Get Ready for Vertical Disintegration
When Ford's Rouge automotive plant opened its doors in 1921, producing about 1 million Model Ts that year, it was the paragon of vertical integration. "It took iron ore and cotton in one side and sent cars out the other," said Timothy Sturgeon, Executive Director of the Globalization Project at the Massachusetts Institute of Technology's Industrial Performance Center. Since then, the vertically integrated plant has disintegrated into a network of suppliers. Now, driven by new information networks and flexible manufacturing technologies, those relationships are becoming even more diffused. "That there are specialized sectors of the economy is nothing new," said Sturgeon. "The thing that's new is that what is being outsourced are not only standardized things like steel and pencils, but the manufacturing of specialized items and even entire products that are the competitive lifeblood of the firms that are sending them out. The amount of information that needs to be shared is huge."
These shifting networks could lead to a variety of changes in manufacturing:
- Reshaping Supply Chains: Manufacturers and suppliers have oscillated
between arms-length "exit" relationships and collaborative "voice" relationships
based on long-term partnerships with suppliers. In theory, a "voice"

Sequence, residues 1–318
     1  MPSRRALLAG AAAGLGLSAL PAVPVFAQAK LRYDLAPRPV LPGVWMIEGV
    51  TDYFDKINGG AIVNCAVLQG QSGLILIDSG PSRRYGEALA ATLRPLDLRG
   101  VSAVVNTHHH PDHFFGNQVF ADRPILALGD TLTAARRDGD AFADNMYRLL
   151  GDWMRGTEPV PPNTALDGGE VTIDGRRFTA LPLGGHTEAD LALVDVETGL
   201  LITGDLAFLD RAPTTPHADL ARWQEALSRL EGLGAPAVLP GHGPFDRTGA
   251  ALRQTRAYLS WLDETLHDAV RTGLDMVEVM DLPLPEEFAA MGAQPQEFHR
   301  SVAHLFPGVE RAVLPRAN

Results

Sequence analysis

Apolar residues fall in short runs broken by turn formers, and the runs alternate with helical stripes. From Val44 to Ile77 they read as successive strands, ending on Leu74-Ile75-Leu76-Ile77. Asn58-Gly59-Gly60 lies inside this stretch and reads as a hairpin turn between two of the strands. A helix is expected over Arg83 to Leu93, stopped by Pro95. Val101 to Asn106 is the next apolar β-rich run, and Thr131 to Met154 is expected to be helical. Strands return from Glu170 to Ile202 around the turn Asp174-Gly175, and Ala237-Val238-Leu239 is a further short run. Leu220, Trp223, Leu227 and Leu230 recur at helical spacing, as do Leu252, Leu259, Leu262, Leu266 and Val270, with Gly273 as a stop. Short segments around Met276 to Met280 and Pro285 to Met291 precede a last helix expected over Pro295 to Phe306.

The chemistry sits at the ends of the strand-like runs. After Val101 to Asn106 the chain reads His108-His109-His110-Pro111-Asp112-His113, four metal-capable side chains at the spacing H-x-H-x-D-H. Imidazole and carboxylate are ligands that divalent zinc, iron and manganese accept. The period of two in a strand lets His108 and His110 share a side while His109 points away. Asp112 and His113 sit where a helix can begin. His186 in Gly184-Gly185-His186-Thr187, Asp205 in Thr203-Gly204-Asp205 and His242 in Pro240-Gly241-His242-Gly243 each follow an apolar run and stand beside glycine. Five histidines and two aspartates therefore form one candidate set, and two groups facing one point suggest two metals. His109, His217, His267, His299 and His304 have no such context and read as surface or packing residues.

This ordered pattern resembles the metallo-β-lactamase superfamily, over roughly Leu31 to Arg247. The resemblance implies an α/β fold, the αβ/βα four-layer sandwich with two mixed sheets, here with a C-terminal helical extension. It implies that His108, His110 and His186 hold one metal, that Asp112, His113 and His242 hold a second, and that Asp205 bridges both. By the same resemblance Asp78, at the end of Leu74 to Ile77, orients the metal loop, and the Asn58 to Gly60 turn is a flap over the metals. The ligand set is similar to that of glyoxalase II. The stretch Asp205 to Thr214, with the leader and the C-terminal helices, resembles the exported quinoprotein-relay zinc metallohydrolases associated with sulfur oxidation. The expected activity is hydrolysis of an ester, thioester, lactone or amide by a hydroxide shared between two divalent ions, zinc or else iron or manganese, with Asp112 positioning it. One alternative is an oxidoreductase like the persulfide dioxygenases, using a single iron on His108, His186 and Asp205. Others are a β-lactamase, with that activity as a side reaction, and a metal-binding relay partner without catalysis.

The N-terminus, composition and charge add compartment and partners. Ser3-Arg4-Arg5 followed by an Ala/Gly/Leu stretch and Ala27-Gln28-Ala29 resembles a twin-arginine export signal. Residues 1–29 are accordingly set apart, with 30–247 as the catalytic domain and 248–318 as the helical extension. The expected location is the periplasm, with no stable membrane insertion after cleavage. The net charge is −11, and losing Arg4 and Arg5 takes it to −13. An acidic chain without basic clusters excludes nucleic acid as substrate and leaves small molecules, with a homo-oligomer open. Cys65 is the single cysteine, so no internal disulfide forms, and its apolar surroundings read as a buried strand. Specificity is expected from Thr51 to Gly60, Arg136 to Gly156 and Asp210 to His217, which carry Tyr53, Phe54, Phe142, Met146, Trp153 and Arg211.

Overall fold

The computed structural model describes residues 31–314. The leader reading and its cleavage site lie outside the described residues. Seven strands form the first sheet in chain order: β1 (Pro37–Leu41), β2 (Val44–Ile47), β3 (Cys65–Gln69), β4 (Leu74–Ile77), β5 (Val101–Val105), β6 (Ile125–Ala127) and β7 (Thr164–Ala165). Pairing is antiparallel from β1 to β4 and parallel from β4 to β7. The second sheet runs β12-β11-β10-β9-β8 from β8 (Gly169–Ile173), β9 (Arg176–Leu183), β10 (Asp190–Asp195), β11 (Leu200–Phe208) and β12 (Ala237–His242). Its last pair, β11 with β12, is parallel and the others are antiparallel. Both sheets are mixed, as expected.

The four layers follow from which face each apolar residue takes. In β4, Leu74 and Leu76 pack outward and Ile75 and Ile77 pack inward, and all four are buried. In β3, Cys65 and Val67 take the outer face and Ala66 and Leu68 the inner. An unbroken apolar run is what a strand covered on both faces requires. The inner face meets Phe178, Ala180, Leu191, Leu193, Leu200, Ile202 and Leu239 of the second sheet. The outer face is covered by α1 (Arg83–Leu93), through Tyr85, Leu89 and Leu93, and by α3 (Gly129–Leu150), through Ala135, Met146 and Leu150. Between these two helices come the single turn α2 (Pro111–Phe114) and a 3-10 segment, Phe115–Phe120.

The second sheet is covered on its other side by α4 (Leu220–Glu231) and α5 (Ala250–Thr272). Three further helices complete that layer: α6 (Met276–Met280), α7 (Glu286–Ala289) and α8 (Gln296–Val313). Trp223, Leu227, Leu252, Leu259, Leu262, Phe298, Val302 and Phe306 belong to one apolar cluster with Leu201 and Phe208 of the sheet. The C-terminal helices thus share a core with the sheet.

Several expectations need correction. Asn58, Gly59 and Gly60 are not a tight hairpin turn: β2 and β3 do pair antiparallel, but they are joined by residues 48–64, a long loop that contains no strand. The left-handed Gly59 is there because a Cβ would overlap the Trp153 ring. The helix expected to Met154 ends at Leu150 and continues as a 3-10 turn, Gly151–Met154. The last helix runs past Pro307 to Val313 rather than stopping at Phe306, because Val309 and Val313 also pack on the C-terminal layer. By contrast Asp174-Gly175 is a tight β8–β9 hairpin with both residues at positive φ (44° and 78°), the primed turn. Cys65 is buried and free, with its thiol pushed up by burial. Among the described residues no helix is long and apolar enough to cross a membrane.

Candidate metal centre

relationship might allow for closer collaboration between manufacturers
and suppliers on many issues, including addressing environmental issues.
How are these relationships changing and what impact might these changes
- Bringing Manufacturing Home: Manufacturing has traditionally been
concentrated in well-known urban centers and corporations. Automotive
manufacturing has already started to sprawl out of these centers, but
other industries are undergoing more rapid and dramatic diffusion. In
electronics, with more standardized products, contract manufacturing
is increasing at a rate of more than 25 percent per year. But the advent
of smaller scale factories and smaller, more efficient equipment could
lead to an even greater dispersion of manufacturing. This new geography
of manufacturing reshapes how pollution is created, where it occurs
and who is responsible for environmental compliance.
- Customer Design: Customers might someday be able to go to a web site,
put together their own car from a single manufacturer or even mix and
match components from different manufacturers. Given the challenges
of fit and feel in complex products such as autos, is this scenario
likely to happen at all? How quickly might this happen? What factors
will influence how it evolves? And what impact will it have on the design
and production of commodities with environmental attributes?
The following sections explore these trends in more detail. It should
be stressed that the manufacturing industry is in flux, and the way the
trends described here play out--and which new ones emerge--is still uncertain.
But all of these trends are already beginning to reshape manufacturing,
and all have implications that the environmental community needs to pay
Next section: Reshaping the Supply Chains